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NEW ORLEANS (AP) — At least two people who were hired to write parking tickets in New Orleans preferred instead to park in a coffee shop and make phone calls.

One even retaliated against a business that complained by ticketing its employees and customers.

That’s the assessment of the city’s Inspector General, who issued a report Wednesday that outlined several problems with parking enforcement in the Big Easy.

Inspector General Edouard Quatrevaux also said some parking officials made themselves look busy by ticketing cars parked near federal buildings and City Hall. The problem: the cars were unmarked law enforcement vehicles with placards on the dashboard indicating that the drivers were on duty.

Citing 2014 figures, Quatrevaux said those tickets were dismissed — meaning more than $6,800 in fines were not collected and never used to offset the undetermined costs that included processing the tickets, sending collection letters or having an administrator go to the trouble of dismissing them.

Quatrevaux also asserted that Public Works Department officials dragged their feet in supplying documents for his report.

Mayor Mitch Landrieu’s office said the city already has been addressing the problems that Quatrevaux spotlighted. A new vendor has been hired to streamline ticket operations with new hand-held equipment, making it possible to monitor the time of day and type of violation for all parking citations while also monitoring officers’ routes.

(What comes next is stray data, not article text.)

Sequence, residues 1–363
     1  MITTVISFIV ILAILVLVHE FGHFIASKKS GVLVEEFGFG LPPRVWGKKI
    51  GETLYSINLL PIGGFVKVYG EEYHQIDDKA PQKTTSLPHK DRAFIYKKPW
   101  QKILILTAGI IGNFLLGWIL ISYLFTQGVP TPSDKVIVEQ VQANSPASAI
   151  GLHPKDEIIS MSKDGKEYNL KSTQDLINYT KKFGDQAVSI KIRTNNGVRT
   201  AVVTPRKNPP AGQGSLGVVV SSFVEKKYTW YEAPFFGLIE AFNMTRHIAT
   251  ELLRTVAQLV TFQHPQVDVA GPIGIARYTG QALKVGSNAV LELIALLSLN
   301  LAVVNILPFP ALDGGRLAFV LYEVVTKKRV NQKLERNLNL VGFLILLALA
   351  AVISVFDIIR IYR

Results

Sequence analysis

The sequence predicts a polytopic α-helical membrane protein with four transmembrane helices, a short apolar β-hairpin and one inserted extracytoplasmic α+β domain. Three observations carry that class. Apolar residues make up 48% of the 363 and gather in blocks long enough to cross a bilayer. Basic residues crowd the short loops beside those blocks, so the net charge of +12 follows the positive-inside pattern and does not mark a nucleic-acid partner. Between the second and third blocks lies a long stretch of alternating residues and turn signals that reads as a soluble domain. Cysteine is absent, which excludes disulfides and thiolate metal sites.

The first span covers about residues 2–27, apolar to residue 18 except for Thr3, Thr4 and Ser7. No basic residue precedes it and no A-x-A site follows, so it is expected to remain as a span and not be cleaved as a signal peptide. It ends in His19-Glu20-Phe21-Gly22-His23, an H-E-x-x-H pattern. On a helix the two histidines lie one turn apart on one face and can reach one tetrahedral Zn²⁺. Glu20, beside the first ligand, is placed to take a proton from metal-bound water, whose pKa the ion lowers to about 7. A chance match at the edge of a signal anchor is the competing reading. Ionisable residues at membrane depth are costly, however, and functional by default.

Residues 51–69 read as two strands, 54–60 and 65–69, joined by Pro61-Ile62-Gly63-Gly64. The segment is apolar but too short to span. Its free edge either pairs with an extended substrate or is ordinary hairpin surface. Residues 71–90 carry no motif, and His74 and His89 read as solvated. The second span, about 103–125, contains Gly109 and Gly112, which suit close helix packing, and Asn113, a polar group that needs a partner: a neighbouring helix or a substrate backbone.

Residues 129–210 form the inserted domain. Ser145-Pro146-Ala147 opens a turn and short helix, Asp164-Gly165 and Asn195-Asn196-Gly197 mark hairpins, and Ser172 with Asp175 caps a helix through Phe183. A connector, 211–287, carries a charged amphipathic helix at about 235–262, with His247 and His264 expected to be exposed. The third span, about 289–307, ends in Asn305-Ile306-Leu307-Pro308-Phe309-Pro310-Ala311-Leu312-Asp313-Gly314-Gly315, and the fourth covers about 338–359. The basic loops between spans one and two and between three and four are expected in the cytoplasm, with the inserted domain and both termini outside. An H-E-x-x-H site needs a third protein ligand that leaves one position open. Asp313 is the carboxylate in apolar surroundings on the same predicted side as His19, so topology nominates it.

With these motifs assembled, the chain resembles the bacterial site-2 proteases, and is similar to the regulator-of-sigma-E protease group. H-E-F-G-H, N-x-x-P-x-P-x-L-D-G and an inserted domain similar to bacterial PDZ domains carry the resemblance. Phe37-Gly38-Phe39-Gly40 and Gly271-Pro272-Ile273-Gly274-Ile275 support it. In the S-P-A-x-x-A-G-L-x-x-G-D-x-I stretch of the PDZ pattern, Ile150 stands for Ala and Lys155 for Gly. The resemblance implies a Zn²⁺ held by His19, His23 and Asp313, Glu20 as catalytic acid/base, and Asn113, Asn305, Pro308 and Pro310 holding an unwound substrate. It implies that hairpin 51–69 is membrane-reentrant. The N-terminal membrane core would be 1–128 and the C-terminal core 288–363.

Quatrevaux said the probe leading to Wednesday’s report was slowed by a lack of cooperation from the parking division in the city’s Public Works Department, which failed to turn over some documents and took as long as nine months to turn over others. Ultimately, Quatrevaux found that at least two officers were guilty of spending too much time in coffee shops and violating city policy by spending long periods on personal phone calls.

One was found to have retaliated against a business by targeting a business’s customers and workers. An undetermined number busied themselves by ticketing law enforcement vehicles, he reported.

Parking enforcement administrator Zepporiah Edmonds was not in her office Wednesday and did not respond to an emailed request for comment.

Quatrevaux said his investigation found that the officer accused of retaliating against a business was reprimanded and resigned. The City Hall statement said officials are determining the proper disciplinary actions for other officers, adding that the city encourages cooperation with the inspector general.

It was unclear which business allegedly suffered retaliation at the hands of the former ticket-writer. But the head of one coffee shop chain mentioned in the report said it has no problem with parking officers sticking around it’s shops.

“We are fortunate to have developed lasting and meaningful relationships with each of our guests,” said Celton Hayden Jr, CEO of CC’s Coffee House. “The men and women of New Orleans Parking Enforcement are no exception.”